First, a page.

My time in London is rapidly coming to a close. The month that I’d thought would be so long has flown by, and I now find myself with only a few days left in this city that I have quickly come to call home.
I’ve been able to check much off of my to-visit list: Buckingham Palace, Emirates Stadium, Tower of London, London Eye, Big Ben/Westminster, Oxford Circus, Windsor, Cambridge, Shakespeare’s Globe, Ascot, Warner Bros. Harry Potter Studio, Jack the Ripper tour, London Dungeon, etc.
Throughout my travels, I have learned much about British culture, which is surprisingly different from American culture. Here are twenty strange things Brits do that have made me realize just how American I truly am:
You drive on the left-hand side of the road.
2. Cars don’t yield for pedestrians
I’m convinced they try to run us down.
On the Tube escalators, you stand on the right and walk on left. Don’t forget to mind the gap!
You call bucks “quids.”
This one took me a while to understand. Apparently it can be a noun (a line) or a verb (to stand in line).
Color and favorite become colour and favourite, organization and apologize are organisation and apologise (something Brits like to do a lot), and soccer is incorrectly spelled as football.
The low numbers on price tags are misleading—convert to dollars and slowly put the handbag down.
French fries are chips. Chips are crisps.
Taxis are black, and you can sit facing backwards in them. Trust me, this is really exciting.
Smoking is much more common here than it is in America. But what is even stranger is that most people I’ve met here roll their own cigarettes.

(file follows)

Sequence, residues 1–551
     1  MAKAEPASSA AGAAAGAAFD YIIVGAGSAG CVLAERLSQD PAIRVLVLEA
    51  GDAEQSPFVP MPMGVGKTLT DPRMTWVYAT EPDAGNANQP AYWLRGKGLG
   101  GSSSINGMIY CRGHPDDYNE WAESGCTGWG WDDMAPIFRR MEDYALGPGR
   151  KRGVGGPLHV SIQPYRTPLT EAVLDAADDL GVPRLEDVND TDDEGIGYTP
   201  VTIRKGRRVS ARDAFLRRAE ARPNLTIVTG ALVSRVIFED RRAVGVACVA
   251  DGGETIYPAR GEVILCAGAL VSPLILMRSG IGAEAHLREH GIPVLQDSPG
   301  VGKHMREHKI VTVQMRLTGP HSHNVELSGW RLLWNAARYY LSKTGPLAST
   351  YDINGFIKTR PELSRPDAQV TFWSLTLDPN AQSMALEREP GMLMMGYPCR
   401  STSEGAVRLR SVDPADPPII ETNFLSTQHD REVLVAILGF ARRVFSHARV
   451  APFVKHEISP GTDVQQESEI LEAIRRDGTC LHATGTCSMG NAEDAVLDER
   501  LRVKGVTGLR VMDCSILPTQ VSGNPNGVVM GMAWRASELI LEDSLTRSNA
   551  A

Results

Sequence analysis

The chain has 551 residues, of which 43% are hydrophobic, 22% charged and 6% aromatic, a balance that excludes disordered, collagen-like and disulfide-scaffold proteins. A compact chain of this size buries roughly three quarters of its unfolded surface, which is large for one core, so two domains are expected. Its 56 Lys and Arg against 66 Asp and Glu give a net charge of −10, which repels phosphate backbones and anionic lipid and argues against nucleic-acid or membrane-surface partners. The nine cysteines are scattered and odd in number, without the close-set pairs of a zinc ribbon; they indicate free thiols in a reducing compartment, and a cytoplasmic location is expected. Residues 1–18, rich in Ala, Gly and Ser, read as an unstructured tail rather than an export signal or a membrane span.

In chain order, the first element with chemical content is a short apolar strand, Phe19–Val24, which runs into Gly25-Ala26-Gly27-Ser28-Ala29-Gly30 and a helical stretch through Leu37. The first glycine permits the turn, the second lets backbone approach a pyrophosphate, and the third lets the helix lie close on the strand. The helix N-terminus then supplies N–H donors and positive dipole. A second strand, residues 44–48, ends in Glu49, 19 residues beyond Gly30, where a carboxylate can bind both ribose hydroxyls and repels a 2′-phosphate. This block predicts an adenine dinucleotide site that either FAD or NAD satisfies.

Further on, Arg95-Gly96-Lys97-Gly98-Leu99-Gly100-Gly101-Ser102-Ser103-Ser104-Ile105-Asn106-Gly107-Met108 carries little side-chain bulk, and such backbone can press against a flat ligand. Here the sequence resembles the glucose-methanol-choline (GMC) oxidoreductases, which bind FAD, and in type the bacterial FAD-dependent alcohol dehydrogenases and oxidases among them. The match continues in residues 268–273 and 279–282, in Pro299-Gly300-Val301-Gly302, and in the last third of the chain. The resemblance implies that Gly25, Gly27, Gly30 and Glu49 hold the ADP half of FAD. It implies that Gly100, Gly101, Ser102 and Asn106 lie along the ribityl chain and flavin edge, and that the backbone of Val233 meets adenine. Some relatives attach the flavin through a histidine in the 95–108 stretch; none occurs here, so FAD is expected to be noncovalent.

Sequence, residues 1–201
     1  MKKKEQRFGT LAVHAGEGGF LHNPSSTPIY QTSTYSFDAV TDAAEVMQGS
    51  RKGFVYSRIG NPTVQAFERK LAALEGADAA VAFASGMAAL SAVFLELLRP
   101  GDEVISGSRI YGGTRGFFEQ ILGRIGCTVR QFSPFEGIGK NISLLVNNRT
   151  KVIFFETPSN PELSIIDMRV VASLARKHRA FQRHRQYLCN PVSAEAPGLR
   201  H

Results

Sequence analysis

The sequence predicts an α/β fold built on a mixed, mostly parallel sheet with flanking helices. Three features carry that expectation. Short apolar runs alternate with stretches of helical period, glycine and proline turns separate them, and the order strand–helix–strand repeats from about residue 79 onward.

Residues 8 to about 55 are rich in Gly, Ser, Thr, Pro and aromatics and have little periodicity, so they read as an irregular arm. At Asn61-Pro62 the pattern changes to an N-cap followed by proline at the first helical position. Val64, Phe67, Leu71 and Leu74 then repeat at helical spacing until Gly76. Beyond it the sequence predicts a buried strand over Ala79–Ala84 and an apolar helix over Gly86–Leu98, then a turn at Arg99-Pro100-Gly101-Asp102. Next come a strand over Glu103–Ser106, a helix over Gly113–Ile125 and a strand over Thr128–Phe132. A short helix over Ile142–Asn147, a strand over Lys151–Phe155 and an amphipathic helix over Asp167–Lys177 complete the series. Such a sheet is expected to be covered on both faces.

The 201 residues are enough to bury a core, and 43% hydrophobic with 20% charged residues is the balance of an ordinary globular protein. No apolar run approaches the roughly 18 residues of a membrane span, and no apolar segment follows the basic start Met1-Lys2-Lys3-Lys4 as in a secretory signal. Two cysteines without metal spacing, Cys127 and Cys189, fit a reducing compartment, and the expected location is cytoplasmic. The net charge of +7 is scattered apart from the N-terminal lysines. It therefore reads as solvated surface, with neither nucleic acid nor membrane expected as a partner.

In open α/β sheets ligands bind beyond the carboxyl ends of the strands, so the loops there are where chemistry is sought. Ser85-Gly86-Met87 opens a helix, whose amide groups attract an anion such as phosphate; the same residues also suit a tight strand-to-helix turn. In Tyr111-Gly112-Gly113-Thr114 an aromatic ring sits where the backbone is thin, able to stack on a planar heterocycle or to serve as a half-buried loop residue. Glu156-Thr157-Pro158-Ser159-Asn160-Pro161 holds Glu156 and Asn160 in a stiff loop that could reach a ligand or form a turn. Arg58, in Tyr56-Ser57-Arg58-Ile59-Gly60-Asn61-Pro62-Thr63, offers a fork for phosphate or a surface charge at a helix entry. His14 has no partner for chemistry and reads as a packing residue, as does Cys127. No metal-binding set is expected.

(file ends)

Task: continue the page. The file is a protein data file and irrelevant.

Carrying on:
11. Air conditioning
Apparently no one here has heard of it.
12. Trainers and jumpers
I think you mean sneakers and sweatshirts?
I have yet to see one Hershey bar in England. Cadbury seems to be a religion here.
14. Harry Potter
As a huge Potterhead, I’ve been super excited to be in England. Although here, the Sorcerer’s Stone apparently belongs to a Philosopher. And no one else seems to care that Millennium Bridge in London was in the sixth HP movie.
For those Americans struggling in British restaurants: courgette means zucchini. Aubergine means eggplant. You’re welcome.
16. Military time
I still have to subtract twelve from every hour after 12:59 to understand what time it is.
17. “Are you okay?”
The first few times I was asked this, I was really confused. Did I look sad? Should I not be okay? Americans say this phrase when they think something is wrong. Brits just use it commonly.
18. Cuppa tea
Tea time was an exciting experience for me. But Brits drink tea all the time, and they seem to believe that it has the power to fix everything.
Unlike Brits, Americans are obsessed with having perfect teeth. People spend thousands of dollars on braces, retainers, oral surgery, teeth whitening—you name it, we do it.
What Americans call the bathroom or restroom, Brits call the loo, water closet, or toilets. When one of my friends asked her boss if she could use the restroom, he replied, “The restroom? What are you gonna do in there, take a nap?”
Maybe I didn’t get a British accent. Maybe I didn’t succeed in making a soldier at the Tower of London crack a smile. But I certainly learned a lot and made some amazing memories.
I’ll have to come back soon.